Additionally, IRBs could pool resources he says. "One way to stretch resources is to have IRBs work together," Kopecky says. "For instance, if a study is done at 50 institutions around the country, then have one or two IRBs take the lead role in reviewing the study to ensure protection rather than having every individual IRB repeat the work. Groups such as the MACRO [Multicenter Academic Clinical Research Organization] group are working together with common IRB review protocols."

(Editor’s note: MACRO is a consortium of five institutions — Vanderbilt University, Washington University School of Medicine in St. Louis; the University of Pennsylvania; Baylor College of Medicine; and Partners HealthCare System, a Massachusetts-based health care delivery network — that have pooled IRB resources. Protocols are submitted to the group, and one institution is appointed lead reviewer. Though all participating institutions receive review documents, only the designated lead performs a full review.)

On the issue of financing activities, Kopecky says, "One way to recoup costs is to charge a fee for review of a protocol and for annual review. This is done commonly by centralized IRBs, and we should start to incorporate this more at academic institutions."

  • Rogue investigators. A rogue investigator, said Puglisi during his presentation, would include researchers who failed to adhere to the protocol approved by the IRB, failed to maintain adequate records, failed to report adverse events, or failed to provide appropriate information for informed consent.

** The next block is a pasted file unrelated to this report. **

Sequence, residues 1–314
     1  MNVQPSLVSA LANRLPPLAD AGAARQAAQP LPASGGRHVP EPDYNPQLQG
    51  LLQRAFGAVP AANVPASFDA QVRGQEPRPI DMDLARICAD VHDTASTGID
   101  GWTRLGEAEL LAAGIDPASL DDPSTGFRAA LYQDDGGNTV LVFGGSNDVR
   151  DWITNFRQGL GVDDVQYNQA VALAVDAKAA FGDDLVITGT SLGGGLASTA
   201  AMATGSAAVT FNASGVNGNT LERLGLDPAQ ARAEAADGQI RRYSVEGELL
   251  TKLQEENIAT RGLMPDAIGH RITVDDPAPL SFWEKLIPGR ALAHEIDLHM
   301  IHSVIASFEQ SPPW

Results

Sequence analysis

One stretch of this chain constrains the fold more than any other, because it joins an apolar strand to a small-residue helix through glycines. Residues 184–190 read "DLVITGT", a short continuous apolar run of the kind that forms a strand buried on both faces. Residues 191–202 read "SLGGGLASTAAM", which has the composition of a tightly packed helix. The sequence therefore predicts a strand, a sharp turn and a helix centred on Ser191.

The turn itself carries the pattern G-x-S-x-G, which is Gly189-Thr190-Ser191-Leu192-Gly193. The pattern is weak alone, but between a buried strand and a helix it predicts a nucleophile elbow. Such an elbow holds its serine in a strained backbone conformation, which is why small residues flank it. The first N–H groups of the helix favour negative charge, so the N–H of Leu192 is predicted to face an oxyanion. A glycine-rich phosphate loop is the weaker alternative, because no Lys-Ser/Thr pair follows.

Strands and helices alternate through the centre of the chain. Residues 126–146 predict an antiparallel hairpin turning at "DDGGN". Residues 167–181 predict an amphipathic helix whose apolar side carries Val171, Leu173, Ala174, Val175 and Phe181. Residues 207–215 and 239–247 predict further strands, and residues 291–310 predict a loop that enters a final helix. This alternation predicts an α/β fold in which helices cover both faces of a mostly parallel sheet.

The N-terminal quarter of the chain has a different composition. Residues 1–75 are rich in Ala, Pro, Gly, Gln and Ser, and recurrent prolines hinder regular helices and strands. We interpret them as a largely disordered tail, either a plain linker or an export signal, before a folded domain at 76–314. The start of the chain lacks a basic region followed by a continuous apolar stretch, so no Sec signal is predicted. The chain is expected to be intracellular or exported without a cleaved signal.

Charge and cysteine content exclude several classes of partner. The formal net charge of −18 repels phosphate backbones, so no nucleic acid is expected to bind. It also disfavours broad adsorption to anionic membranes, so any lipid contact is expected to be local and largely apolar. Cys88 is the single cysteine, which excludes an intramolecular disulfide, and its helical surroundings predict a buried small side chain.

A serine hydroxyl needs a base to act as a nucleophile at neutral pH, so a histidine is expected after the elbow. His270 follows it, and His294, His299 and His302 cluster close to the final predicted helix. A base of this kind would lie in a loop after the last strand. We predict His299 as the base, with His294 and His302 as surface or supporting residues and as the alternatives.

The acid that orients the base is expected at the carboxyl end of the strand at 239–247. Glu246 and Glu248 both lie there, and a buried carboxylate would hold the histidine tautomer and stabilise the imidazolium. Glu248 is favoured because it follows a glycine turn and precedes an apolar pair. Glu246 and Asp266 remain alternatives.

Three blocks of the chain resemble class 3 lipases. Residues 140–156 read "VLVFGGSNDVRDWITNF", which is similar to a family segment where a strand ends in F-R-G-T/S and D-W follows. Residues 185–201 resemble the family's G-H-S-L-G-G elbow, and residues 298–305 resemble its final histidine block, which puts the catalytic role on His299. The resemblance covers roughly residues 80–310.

Whereas a true rogue is highly unlikely, those who repeatedly make honest mistakes can create problems for an IRB or institution. Investigators who fail to comply typically tend to do so not out of malice but out of inadequate training, Puglisi said during his presentation at the PRIM&R conference. Investigator noncompliance also could be related to lack of adequate assistance from clinical trial coordinators, typically because they are overworked, and a sloppy monitoring program, Puglisi said.

  • Adverse events. "Adverse events are a challenge. Which ones are truly related to the trial and which are not continues to be a problem," says Waxman.

"IRBs receive a huge number of safety reports from the industry that are virtually impossible to interpret because the IRB does not receive sufficient context on the incident and/or sufficient information about the total number of subjects in the trial," Puglisi says.

"Adverse events are troublesome for an IRB in that they often see the numerator — how many patients have an adverse event at their institution — but don’t often see a denominator — total number of patient in the study at all institutions," says Kopecky. "The IRBs main role is to protect patients, and they should have data that helps them do this by looking at both the instance and the severity of the adverse event among the total patient population. IRBs often fall short because they don’t have access to this data."

One way to improve data gathering, Kopecky says, is to utilize data and safety monitoring boards (DSMBs). "It is the DSMB’s role to review adverse events and make suggestions regarding discontinuing the study as appropriate. IRBs should work closer with DSMBs, rather than repeating the role of the DSMB," he says.